A beautiful West Texas morning was in the offing. As I pulled into my regular spot I noticed them.
Ten, fifteen, maybe twenty reddish somethings were scattered around the parking lot. With the winds of spring, my first thought was that some flowering plant had been forced to give up its blossoms and that this was the location they were to be deposited.
But as I opened my door, I noticed that these objects weren’t from flora origins. Indeed these were freshwater crustaceans and cousins to the red lobster — crawfish. And, at least at first glance, they appeared to be recently deceased crawfish.
I made my way into the office, pondering the oddity of crayfish suddenly appearing in semi-arid West Texas. And then I remembered — local social clubs pride themselves on their annual crawfish boils. I became confident that this morning’s sighting was the byproduct of one of those grand events . . . and that our commercial dumpster had been the disposal location of choice for the clean-up crew.
We were expecting visitors that day. So I grabbed a broom and a dust pan, gained the help of Dr. Jerry Strader, and headed back outside to dispose of those tiny beings that had not, for some reason, made it into the dumpster.
The clean-up on the pavement was easy. But then we noticed that an unusually large number had been deposited in the middle of the lawn. A rather confused flock of grackles were strolling around through the heaps, wondering what, if anything, they should do. As Jerry and I began our pick-up operation, it became apparent that those that weren’t in the dumpster had not been boiled. In fact a good number of those still in the lawn were alive and, shall we say, snapping.
We completed our clean-up — including scooping up a couple that had ventured over 100 yards in the direction of the boulevard. I suppose that their homing instincts had directed them toward the nearest bus stop. Before our venture was over, more than 100 crawfish had been recaptured.
Close to mid-morning, our dumpster was already attracting flies and the smell was a bit fishy. I contacted the city and asked if we could get an early visit from the garbage truck. Temperatures were expected to reach over 100 degrees that afternoon. I was assured that they would do the best they could.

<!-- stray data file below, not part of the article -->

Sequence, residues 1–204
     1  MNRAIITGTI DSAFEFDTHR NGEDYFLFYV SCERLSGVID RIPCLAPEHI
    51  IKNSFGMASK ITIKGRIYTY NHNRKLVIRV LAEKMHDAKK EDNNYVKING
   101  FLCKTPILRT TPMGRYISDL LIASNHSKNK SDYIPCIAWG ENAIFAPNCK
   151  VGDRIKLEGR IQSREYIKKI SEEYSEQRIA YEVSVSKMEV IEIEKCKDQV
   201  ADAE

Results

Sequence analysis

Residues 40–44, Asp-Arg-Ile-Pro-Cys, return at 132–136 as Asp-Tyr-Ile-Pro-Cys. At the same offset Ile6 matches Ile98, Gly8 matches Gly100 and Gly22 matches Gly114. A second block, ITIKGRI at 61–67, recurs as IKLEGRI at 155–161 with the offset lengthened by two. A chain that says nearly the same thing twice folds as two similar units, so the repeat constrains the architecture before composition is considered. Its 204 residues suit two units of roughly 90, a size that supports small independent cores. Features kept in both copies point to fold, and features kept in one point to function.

By noon, the stench had increased and the fly population was ever larger. Then, in mid-afternoon, the city’s environmental crimes officer was on site.
“You know,” he said, “this is a violation of about three city ordinances. Do you know who the perpetrators are?”
I assured him I didn’t know specifically and he decided not to try to investigate. But he immediately called for a garbage truck.
“Smells like dead fish,” he said.
“Actually, more like dead shellfish,” I corrected. When it became obvious that specificity was not needed for his report, I relented. And he was off to investigate his next environmental crime.
Eventually we learned which social clubs were involved. Nice apologies were received. And, our acceptance of those apologies were returned. In addition, each club offered to come for a service project of our choosing in an effort to compensate us for our time and effort.
“No,” I insisted, “there is no need for you to do anything for us. Just do a better job of clean-up next time — and perhaps pick a different dumpster.”
Yet, one of our social club contacts wrote back again. “Please let us do something for you.”
She had already fulfilled her social contract. She had apologized and had offered to make amends. And even after I had gently refused, she persevered.
I felt her genuineness. I was touched by her tenacity. I was total in my forgiveness. I was blessed to be part of a university community where students own their consequences and are concerned when their actions impact others negatively. It made my day.
This was an “extra mile” moment. And a reminder that extra-mile-paths sometimes traverse tough surroundings. But their final destination is always a place of sweet peace.
Go an extra mile today. Be tenacious in your apologies. Be genuine in your concern. Make someone’s day.
And don’t offer me any crawfish for dinner any time soon.